Hey, Walmart, I’m Not Buying It

This morning I read this article that lists the 14 major North American countries that refused to sign the Bangladesh Factory Safety Accord (Here’s a good visual depiction of the plan if you’d rather.)

Color me disappointed. I’m not really surprised. Certainly not by Wal-Mart. Wal-Mart’s broken moral compass has been pointed at “evil” for as long as I can remember. It’s one of a few major reasons I refuse to shop there. 

Sure, many of these companies claim they’ve elected not to sign because they’re working on their own plans. Forgive me if I think that’s a load of you-know-what. (Notably, Gap, at least, has been honest in pointing out they’re not signing because of the possible legal ramifications)

Let’s look at Big Bad Walmart’s plan, for example. Walmart’s plan may seem like it puts forth a good faith effort. I mean who can argue with a plan to “conduct in-depth safety inspections at 100 percent” of the 279 factories it uses in Bangladesh and publicize the results on its Web site? Sounds good to me.

But really–if Walmart were serious about putting an end to the types of sub-par working conditions that cost the lives of over 1100 people last month, it would put its money where its big corporate mouth is. But it won’t. I get it–the King of “Every Day Low Prices” doesn’t want to spend any extra money; that is, after all, why today they buy from suppliers whose goods are produced in Bangladeshi, not American, factories.  But come on, the plan requires retailers to underwrite safety improvements at a cost that would be proportional to its volume of orders. But the maximum cost per year for the next 5 years is $500,000. In 2011, Walmart’s revenues were some $447 billion, and bottom line profit came in at $15.7 billion. $15.7 billion. $500,000 doesn’t even come close to being a drop from the bucket of Walmart’s vast earnings.

But signing on to the Bangladesh Factory Safety plan is about more than the moral obligation to create and maintain safe working conditions–and it’s about more than a financial commitment. It’s also about accountability.  The plan is legally binding and includes sanctions for factories that fail to live up to its standards. Everyone at every level–from garment worker to retailer–has a role and a binding obligation.  It’s a great plan that would change the way the garment industry works–for the better.  Europe gets it–that’s why their major retailers have signed the pact (40 major retailers have signed).  Only 2 major American companies did–PVH (Calvin Klein & Tommy Hillfiger) and (shockingly given its CEO’s morally questionable statements of late) Abercrombie & Fitch.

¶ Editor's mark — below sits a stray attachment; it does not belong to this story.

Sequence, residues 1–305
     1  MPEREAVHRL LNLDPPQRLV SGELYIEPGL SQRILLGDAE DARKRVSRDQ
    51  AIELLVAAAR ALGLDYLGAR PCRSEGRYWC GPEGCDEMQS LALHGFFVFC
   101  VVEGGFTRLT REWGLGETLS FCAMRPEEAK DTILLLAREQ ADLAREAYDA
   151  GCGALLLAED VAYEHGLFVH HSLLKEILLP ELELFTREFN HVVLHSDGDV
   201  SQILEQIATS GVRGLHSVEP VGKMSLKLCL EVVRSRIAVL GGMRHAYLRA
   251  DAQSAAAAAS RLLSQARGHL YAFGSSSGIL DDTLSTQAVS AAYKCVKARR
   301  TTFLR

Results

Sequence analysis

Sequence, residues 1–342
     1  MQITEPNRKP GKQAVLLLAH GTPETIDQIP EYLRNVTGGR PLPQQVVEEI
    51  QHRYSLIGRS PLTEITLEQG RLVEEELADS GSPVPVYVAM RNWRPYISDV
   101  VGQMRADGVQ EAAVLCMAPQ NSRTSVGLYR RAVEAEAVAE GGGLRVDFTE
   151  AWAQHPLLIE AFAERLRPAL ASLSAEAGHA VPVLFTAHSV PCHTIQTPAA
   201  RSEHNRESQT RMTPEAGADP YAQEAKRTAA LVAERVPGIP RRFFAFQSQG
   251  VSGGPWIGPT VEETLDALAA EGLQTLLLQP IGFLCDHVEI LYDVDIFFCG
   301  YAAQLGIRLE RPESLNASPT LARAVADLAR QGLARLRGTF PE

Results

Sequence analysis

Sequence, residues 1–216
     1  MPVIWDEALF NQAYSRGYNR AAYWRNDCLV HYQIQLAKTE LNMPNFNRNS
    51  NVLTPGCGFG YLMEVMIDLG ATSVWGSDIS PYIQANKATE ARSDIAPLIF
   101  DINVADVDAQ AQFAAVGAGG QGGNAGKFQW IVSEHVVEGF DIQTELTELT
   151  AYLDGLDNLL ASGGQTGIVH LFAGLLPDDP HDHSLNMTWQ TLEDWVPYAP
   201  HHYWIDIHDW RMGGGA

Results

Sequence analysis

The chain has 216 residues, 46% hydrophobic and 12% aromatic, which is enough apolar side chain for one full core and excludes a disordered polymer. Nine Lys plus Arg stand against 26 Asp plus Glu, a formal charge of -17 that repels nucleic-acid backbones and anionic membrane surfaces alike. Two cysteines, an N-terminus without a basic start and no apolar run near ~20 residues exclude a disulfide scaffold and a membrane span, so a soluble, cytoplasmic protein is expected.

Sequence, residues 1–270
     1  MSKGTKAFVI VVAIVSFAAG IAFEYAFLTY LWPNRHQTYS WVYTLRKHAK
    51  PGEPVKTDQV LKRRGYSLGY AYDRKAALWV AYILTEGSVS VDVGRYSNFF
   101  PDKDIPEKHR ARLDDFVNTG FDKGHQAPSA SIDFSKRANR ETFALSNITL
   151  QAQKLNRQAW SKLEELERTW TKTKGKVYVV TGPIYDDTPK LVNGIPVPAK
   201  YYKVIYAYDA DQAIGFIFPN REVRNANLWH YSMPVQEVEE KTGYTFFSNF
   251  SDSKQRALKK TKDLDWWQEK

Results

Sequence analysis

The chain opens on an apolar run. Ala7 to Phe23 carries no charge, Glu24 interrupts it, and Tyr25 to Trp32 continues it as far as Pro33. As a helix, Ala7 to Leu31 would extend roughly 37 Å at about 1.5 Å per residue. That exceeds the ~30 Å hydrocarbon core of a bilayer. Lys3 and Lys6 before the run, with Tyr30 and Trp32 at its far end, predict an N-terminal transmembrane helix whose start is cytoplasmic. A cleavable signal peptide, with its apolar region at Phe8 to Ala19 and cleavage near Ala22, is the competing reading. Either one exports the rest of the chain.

Those companies are willing to accept responsibility for their role in factory safety–and they’re saying that they’re willing to be held accountable for their actions (or inactions).  Meanwhile, Walmart wants us to believe that its voluntary, self-regulatory, and non-binding plan will “meet or exceed” the goals of the  Bangladesh Factory Safety plan. Because Walmart has a great track record for holding itself accountable ethically and morally behaving unethically and trying (often successfully) to pass the buck when caught (see: Mexico bribery scandal, Equal Employment Opportunity Commission lawsuit & settlement, the Walmart & Social Capitol studies, Walmart’s use of public subsidies, and on and on and on).

Sorry–I’m  not buying it–no matter the price.

Disclaimer = here.

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Filed under My Opinion, Ripped from the Headlines, Social Problems

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